Re: Encryption key longer than text to encrypt




rossum wrote:
On 5 Jan 2007 13:31:41 -0800, "Jean-François Michaud"
<cometaj@xxxxxxxxxxx> wrote:

Hmmm, I can't help but notice the similarity between a synchronous
stream cipher where the keystream generation is independant from the
acutal XORing process.

In such a context, the OTP key and the keystream share the same idea,
notably that a large key/keystream will be XORed against plaintext.
This is why I'm coming back to OTP, because, the OTP being a perfect
case and being contextually clear and well understood, I feel it makes
thinking easier than to lay down the context of a synchronous stream
cipher in which the keystream generation is independant from the XORing
process.
There is a fundamental difference between an OTP and a keystream
generated from a key. Say you have a 128 bit key, then there are
2**128 possible keys, each of which generates a different keystream.
Hence there are 2**128 different keystreams possible in this cypher.
Say we have a 2KB message to encrypt. We use the first 2KB of one of
our 2**128 keystreams.

Now think about an OTP encrypting a 2KB message. There is no
generated keystream, just a random key as long as the message (or
message + padding). That means that in the OTP there are 2**2048
possible different 'keys', which equates to 2**2048 possible different
keystreams. As soon as you move from an OTP to a generated keystream
you have a drop in the possible number of different keys allowed. In
the OPT case the attacker has 2**2048 different keystreams to try,
with a keyed cypher she only has 2**128 different keystreams to try.

With the keyed cypher, all the entropy is in the key - once you know
(or guess) the key, there is no additional entropy in the generated
keystream. Working out the keystream from the key is a matter of pure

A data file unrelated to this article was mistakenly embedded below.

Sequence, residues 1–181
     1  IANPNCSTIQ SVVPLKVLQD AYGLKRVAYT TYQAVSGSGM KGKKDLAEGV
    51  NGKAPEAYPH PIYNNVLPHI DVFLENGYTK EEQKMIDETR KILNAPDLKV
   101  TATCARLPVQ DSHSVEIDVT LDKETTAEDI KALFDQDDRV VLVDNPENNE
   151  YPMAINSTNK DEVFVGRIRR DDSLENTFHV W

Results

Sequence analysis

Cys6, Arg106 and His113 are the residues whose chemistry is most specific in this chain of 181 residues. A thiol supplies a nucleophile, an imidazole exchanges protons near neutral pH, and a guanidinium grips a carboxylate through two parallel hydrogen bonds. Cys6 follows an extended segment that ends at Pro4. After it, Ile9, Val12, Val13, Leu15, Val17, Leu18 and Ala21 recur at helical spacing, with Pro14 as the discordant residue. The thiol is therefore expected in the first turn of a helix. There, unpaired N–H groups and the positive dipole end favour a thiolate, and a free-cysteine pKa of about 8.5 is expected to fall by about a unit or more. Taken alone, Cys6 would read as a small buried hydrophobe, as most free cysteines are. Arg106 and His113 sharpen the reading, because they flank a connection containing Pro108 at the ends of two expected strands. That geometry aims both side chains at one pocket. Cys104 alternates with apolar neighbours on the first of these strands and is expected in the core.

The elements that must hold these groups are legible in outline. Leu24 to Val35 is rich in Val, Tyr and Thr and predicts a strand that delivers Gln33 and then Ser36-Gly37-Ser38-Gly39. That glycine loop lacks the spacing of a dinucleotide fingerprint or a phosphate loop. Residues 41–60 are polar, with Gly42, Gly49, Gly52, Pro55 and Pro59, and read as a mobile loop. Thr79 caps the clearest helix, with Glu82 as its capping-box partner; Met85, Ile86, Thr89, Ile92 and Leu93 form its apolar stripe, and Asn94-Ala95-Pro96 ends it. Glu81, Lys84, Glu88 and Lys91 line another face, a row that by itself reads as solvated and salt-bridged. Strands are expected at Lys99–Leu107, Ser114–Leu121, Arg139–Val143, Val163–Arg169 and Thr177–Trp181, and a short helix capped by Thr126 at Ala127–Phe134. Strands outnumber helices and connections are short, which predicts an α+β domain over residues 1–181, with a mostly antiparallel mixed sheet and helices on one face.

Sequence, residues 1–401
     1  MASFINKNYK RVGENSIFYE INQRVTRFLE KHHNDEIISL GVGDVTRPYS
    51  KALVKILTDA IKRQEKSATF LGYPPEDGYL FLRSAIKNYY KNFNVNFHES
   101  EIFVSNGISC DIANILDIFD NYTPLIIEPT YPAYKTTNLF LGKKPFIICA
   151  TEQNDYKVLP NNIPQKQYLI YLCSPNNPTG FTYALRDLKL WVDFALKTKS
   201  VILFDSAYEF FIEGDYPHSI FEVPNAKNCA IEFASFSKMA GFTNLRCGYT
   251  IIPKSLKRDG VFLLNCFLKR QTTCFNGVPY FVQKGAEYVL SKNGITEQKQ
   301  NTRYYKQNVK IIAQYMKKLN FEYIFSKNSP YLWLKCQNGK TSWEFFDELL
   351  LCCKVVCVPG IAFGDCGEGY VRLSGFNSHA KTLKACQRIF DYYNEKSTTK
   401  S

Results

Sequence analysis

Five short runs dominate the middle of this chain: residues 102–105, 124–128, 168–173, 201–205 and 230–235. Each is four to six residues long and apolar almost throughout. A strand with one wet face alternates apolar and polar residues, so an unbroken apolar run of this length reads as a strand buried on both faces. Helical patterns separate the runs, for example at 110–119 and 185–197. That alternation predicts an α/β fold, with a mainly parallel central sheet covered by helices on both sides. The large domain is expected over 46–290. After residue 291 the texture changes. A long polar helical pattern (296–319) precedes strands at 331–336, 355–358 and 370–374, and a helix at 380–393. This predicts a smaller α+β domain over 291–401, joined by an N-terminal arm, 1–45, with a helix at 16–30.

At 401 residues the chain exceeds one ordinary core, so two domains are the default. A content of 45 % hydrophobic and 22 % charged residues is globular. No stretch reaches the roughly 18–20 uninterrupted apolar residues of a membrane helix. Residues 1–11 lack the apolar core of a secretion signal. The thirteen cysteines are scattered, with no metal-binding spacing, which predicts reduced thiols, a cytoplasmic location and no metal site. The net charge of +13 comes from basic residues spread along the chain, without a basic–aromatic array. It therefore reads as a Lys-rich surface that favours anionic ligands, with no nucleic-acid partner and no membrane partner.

computatation, as it has to be if decryption is to work correctly.
With the OTP the key is identical to the keystream so all of the
keystream is entropy. That is why for an OTP you need to send the
keystream in its entirety as it cannot be generated by any algorithm.

A stream cypher is certainly more practical than an OTP, but it is not
merely a version of an OTP - it is an entirely different animal.

Right, I clearly understand the difference between both, and I also
clearly understand that the bottleneck for a stream cipher is the key
and not the generated keystream and that the strenght of the key varies
with the lenght of the message for the OTP (so does the strenght of the
key in this case); those differences set asside, the OTP key and the
keystream are used for the same purpose (being XORed against
plaintext). So, an otherwise interresting idea for OTP, could also most
probably be directly applied to stream ciphers, hence the idea of
concealing the lenght of the message by having a message that is
smaller than the OTP key or stream cipher keystream.

Regards
Jean-Francois Michaud

.



Relevant Pages

  • Re: Encryption key longer than text to encrypt
    ... In such a context, the OTP key and the keystream share the same idea, ... clearly understand that the bottleneck for a stream cipher is the key ... bits would be (assuming 8 bit characters. ...
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  • Re: Encryption key longer than text to encrypt
    ... stream cipher where the keystream generation is independant from the ... In such a context, the OTP key and the keystream share the same idea, ... Hence there are 2**128 different keystreams possible in this cypher. ...
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    ... the generated keystream is completely ... keys that exceed plaintext in a context where plaintext is intermixed ... an OTP does not use a generated keystream but uses a very ... glow of the security of the OTP onto the dross of their bad stream cypher. ...
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  • Re: Encryption key longer than text to encrypt
    ... the generated keystream is completely ... the context I'm interrested in is not this one. ... an OTP does not use a generated keystream but uses a very ... Padding, gottcha;-). ...
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